I think I see what he's saying.

Say you bench press x kg for 10 sets. And then another day you do push-ups (again with x kg) for ten sets. In theory (as far as I know) your chest muscles would be under the same load, and therefore have the same effect.

The difference comes in when you want to learn techniques. If you only work out biceps, and want to learn a move that needs biceps, chest, and core, you're not going to be able to do very easily. While if you do workouts that use the biceps, chest and core in conjunction with each other, the technique will be much easier for you to pick up, since you've trained those muscles to work together.

That's my take on it at least. If someone with more knowledge spots a flaw in my reasoning, feel free to correct.

-Jon
Jon, I don't think bench pressing body weight (or something similar) is the same as pushups. Guiding the bar during a bench press isn't the same as holding up one's body during a push up. While certainly there are similar muscle groups being worked it seems a simplification to say both of these motions are the same. They sure feel different to me when I do them.

I agree with you that if one equates "techniques" with functional movement then isolating muscle groups won't help and would probably hurt one's progress.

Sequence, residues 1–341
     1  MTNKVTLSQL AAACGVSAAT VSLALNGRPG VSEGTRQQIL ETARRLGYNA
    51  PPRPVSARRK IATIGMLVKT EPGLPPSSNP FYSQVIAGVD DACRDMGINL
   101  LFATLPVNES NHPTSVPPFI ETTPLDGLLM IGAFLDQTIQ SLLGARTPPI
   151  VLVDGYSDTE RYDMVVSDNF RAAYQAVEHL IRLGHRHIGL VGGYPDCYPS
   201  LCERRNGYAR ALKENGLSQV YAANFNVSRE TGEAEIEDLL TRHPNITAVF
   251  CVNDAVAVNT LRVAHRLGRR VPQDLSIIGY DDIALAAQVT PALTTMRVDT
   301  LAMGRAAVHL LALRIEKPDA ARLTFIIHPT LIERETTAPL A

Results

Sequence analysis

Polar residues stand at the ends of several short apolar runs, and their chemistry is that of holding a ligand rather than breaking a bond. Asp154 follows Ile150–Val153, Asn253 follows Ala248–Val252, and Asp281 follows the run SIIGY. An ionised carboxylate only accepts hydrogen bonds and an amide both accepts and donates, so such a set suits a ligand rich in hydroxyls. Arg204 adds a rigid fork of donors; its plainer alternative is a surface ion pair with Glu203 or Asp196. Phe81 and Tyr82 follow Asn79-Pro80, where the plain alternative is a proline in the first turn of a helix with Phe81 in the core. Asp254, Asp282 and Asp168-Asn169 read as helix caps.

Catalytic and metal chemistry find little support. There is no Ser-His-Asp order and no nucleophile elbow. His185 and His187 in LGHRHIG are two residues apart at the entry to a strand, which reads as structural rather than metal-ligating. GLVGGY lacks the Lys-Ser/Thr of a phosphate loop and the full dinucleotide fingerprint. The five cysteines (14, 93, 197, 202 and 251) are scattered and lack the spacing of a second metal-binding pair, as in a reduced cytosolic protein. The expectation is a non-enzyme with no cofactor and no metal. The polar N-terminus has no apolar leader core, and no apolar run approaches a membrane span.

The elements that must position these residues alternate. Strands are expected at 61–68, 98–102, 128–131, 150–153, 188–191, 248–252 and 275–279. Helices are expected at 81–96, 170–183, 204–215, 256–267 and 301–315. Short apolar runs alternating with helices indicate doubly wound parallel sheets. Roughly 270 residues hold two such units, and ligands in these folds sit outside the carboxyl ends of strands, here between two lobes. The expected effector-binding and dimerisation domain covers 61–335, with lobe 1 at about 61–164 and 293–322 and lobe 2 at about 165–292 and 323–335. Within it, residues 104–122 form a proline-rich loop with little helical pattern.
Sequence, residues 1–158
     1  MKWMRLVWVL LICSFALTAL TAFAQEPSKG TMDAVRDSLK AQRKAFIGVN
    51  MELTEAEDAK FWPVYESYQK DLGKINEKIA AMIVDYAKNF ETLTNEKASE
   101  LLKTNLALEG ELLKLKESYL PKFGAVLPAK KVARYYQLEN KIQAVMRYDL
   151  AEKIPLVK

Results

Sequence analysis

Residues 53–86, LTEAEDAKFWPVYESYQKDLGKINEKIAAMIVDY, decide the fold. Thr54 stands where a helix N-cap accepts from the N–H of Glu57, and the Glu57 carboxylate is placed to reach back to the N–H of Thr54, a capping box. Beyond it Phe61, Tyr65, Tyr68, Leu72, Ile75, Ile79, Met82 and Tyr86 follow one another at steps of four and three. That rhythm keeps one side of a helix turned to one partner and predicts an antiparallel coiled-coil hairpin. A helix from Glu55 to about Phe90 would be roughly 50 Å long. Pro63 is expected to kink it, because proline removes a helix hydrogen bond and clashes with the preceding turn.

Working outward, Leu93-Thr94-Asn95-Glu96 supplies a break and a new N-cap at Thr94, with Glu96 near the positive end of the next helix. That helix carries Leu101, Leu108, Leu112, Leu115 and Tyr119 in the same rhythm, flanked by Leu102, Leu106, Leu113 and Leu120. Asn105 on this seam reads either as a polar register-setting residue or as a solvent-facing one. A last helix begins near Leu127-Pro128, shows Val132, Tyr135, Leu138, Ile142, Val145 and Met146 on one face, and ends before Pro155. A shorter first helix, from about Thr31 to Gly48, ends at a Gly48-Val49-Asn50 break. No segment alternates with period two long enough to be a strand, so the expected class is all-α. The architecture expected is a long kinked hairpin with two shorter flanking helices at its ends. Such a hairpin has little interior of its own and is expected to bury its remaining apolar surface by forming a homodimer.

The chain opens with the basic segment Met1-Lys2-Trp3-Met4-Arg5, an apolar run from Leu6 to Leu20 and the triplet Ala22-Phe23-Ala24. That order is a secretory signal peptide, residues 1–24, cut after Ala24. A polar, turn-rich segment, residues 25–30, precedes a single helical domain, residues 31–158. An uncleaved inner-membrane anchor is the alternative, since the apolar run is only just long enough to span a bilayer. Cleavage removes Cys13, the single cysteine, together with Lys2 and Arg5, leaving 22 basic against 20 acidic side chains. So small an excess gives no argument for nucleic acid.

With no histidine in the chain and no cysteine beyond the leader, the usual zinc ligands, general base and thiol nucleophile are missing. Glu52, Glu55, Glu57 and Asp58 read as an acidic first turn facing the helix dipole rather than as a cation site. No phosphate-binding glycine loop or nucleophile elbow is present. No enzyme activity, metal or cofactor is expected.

It seems like to me that some people think isolating muscle groups is a more sophisticated approach to physical training. Before CF that's pretty much what I thought.

Does this make sense?

Greg
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Old 09-18-2008, 08:03 AM   #10
Ted Apollo
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Re: Help me argue this point

another point is that multi-joint movements is what we do everyday in real life. they are very practical movements: sitting in a chair, taking out the garbage, picking up luggage, etc... remember a main philosophy of xfit is not just about looking better but being better.

isolation movements will cause muscle hypertrophy. are isolation movements as efficient at hypertrophy as multi-joint movement is debatable, but really not as important as the other factors pointed out earlier by other posters. So with the hypertrophy being factored out of the argument which program will give you better balance, support muscles, stimulate GH levels, etc..?

from my experience bicep curls & other iso moves seem to be really stressful on the joints. the chance of overuse injury seems higher. i get more out of chin ups for my bicep development then from curls.

there is nothing wrong with a good, informative discussion with someone with different opinions. It doesn't need to be avoided. instead just stay mature, don't make it personal, and don't let your emotions get involved. we are all at different stages in our knowledge of sports physiology. at one point none of us knew any of this stuff and we needed to learn it too.